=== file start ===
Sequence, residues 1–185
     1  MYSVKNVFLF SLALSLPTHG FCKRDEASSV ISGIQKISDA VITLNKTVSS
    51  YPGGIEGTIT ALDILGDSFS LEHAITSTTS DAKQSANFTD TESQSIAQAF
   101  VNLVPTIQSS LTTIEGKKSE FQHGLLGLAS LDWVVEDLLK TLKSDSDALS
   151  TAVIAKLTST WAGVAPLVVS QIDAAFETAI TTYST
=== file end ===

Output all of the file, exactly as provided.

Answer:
Sequence, residues 1–185
     1  MYSVKNVFLF SLALSLPTHG FCKRDEASSV ISGIQKISDA VITLNKTVSS
    51  YPGGIEGTIT ALDILGDSFS LEHAITSTTS DAKQSANFTD TESQSIAQAF
   101  VNLVPTIQSS LTTIEGKKSE FQHGLLGLAS LDWVVEDLLK TLKSDSDALS
   151  TAVIAKLTST WAGVAPLVVS QIDAAFETAI TTYST